I think the answer is someone in the middle. Jet fans have exaggerated the good and ignored some other things. First I think it should be obvious that Douglas’ reputation as being conservative is far from the truth. Rather I think he is a bit of river boat gambler where he swings for the fences taking the high ceiling players in Becton, Wilson and so on. Last year’s FA was really eye opening to me about Douglas in that he was not conservative and moved all his chips in and borrowed form future caps to sign a lot of players. This year he appears to be doing that even more with his pursuit of Rodgers with little concern for the future.

That being said there is a lot to really like about Douglas. His maneuvering around the draft is better than we have ever seen with a Jets GM. He has a plan and sticks to it. He has increased the scouting staff. He hired high level assistants in Hogan and others. He is on the same page as the coaching staff and signing and drafting players that fit their system.

I think he gets way to much credit for the Adams trade and too much grief for the Wilson and Becton picks. The Jets were really fortunate in the picks we got for Adams. The Seahawks had not drafted below 25th in 10 years. In terms of draft trade value the deal offered by the Cowboys os a 1st and 3rd n the previous draft was much greater than the expected trade value we got from the Seahawks. Douglas should get blame for bungling the whole Adams situation as Adams acted out a few times before forcing the trade and Douglas failed to resolve the issue and make Adams happy. That was a bad call on his part which forced the trade. The process here and how he handled the Adams situation was poor even though the results were very good. Both Saleh and Douglas preach process and I love them for that. The process in how they handled Adams was poor.

In regards to Zach Wilson. I agree with you. The Breer study is telling. There is not another GM that would not have taken Wilson. It is hard to criticize him for that. His options were trade back or draft Wilson. Trading back was certainly a viable and attractive option considering the haul the Eagles got for 3. The criticism for Wilson IMO should not be for drafting for him but how they handled him. Young QBs are all about confidence. It became apparent quite early in Wilson’s rookie season that confidence was his issue. Saleh talked a lot about it prior to the Falcons game. Wilson put together a decent 9 game stretch. The last 7 of the 2021 and first two of 2022 where when he plays with confidence he plays a ton better. But when he makes a mistake he falls off a cliff. Douglas smartly brought in Gregg Knapp to help build Wilson’s confidence and then after the tragedy brought in Beck but in 2022 they had no one there for him. MLF allegedely did not believe in giving a QB a pat on the back and preached tough love but Douglas failed to pair this bad cop with a good cop, After what we saw in 2021 and as big an investment as a young QB is I would argue it is malpractice to not give him someone to support him. That is where I would criticize Douglas for Wilson. The pick was fine the handling of Wilson was the issue.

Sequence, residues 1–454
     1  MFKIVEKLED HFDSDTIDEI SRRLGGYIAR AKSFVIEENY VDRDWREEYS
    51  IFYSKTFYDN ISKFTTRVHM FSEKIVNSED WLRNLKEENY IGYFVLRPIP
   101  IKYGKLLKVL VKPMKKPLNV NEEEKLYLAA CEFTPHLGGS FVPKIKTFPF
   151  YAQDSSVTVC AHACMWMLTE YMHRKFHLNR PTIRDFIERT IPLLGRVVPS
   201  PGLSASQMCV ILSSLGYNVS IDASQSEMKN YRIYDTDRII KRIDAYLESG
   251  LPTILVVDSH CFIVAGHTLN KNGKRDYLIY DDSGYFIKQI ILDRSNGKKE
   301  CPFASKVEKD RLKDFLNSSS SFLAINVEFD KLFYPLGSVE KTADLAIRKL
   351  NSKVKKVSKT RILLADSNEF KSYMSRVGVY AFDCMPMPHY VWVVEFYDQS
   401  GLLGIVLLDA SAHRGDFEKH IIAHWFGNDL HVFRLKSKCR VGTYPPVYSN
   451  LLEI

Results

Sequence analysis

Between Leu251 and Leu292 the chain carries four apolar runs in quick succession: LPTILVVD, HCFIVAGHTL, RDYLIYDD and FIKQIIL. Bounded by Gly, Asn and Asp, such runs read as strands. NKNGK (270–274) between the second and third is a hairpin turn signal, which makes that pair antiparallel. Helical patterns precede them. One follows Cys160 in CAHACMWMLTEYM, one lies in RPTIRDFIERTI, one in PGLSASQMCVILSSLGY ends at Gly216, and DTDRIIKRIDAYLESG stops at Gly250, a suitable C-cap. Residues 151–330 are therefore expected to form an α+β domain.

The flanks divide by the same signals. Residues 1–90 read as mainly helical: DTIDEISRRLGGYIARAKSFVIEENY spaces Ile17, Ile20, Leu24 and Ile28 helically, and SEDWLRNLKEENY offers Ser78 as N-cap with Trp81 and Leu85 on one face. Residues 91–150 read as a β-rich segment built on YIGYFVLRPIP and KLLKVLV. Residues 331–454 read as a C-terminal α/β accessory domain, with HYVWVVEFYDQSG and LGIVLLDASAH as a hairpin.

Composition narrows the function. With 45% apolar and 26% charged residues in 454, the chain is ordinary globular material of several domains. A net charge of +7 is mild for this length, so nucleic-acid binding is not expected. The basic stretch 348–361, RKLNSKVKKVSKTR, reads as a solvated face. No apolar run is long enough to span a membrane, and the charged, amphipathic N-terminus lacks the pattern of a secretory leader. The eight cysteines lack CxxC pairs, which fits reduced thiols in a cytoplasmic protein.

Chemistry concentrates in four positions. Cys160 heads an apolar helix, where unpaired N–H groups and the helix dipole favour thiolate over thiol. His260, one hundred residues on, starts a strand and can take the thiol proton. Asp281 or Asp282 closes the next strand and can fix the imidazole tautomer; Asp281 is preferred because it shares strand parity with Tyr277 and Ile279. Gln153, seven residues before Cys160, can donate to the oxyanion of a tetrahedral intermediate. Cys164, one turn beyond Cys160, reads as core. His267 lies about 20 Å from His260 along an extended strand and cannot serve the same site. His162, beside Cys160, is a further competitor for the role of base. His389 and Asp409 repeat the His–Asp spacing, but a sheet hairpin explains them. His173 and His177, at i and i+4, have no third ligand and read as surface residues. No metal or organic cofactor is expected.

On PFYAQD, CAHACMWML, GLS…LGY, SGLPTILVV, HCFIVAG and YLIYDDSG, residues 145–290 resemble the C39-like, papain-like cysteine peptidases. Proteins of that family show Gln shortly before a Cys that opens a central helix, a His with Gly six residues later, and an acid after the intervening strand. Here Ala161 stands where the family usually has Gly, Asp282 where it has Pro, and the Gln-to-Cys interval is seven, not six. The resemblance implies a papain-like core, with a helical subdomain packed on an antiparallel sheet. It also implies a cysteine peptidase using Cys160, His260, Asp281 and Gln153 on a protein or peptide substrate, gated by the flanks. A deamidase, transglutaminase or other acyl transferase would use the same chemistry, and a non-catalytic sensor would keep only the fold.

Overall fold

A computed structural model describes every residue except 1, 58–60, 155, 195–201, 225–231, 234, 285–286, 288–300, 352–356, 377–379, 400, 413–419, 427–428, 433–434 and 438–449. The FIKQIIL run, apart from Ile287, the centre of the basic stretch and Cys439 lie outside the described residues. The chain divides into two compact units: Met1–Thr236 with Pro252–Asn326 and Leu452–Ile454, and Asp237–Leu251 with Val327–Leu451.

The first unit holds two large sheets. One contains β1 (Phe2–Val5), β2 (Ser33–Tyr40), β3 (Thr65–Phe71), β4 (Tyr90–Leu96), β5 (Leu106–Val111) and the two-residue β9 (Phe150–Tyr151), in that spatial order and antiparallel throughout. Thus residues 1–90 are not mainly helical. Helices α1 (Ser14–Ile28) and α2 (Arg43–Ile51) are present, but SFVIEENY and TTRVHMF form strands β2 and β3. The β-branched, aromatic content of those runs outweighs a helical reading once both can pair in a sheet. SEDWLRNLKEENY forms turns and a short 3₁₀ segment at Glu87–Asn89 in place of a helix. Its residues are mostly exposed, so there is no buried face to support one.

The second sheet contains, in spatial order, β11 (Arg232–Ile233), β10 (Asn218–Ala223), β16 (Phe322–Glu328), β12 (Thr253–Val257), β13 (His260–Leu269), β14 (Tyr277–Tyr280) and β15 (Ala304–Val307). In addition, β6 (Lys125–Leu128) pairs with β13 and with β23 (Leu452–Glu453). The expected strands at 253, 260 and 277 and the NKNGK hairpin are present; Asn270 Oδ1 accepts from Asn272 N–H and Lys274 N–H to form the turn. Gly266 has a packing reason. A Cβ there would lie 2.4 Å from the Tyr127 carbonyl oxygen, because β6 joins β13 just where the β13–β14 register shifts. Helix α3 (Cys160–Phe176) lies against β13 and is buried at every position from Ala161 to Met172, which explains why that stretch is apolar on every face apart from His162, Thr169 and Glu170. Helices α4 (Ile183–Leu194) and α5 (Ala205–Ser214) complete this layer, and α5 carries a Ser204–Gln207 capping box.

In regards to FA it’s a mixed bag. FA is a tough place to find good deals. He has found bargains in cast offs in JFM and Berrios and a gem in UDFA Huff. reed was an amazing pickup. I agree that he paid a lot for Fant but he had a good year. Both Davis and Lawson were pretty reasonable contracts and Lawson could have been a monster signing absent the achilles. But that is FA most will fail.

Overall he deserves credit. He has turned around the a morbid franchiose and infused it with young talent. He has done the same for the FO and for ince is a GM that is working hand in glove with a CS. What concerns me is the bill we will have to pay to go all in this next two years. I would rather tget the Douglas who said when he was hired that he would build slow and methodically to build a sustainable long term winner. I am concerned about Douglas selling out our future for short term gains. But, overall I still have great respect him and an very happy he is our GM.

1 year ago
Reply to  Rivka Boord

Thank you for the great thoughtful reply. I am a bit more optimistic on JD but I hear and recognize your points. For me, the wins may not be there but the roster is and the level of play as well. Last year there were only a handful of games where I felt the jets were not the better team. Cleveland, Cincinnati, Detroit and Jacksonsville. I like not only what he has done with the roster but the type of positions he has emphasized but I also realize he was very lucky on some fronts such as the return from JA. I am not a fan of the Rodgers move but I am still excited to see what happens this year. It has been a long time since I have been excited about a Jet season. It could blow up in our face but there is something here to be excited about even if we disagree with the decisions.

1 year ago
Reply to  Rivka Boord

What an amazing comment! I’ve never read such a well thought-out comment. Great job! I liked your point about consistent mediocrity. You need a star QB. Why? The flags!! People are not talking about this. TB12 had so many flags go his way, he could have ran on the field with his own flags hanging off his belt. We all knew he would get a pass interference call at crunch time more often than not. Don’t even think about tackling him! Aaron brings the star calls. Its in all of sports, especially the NBA (with the exception of Steph Curry).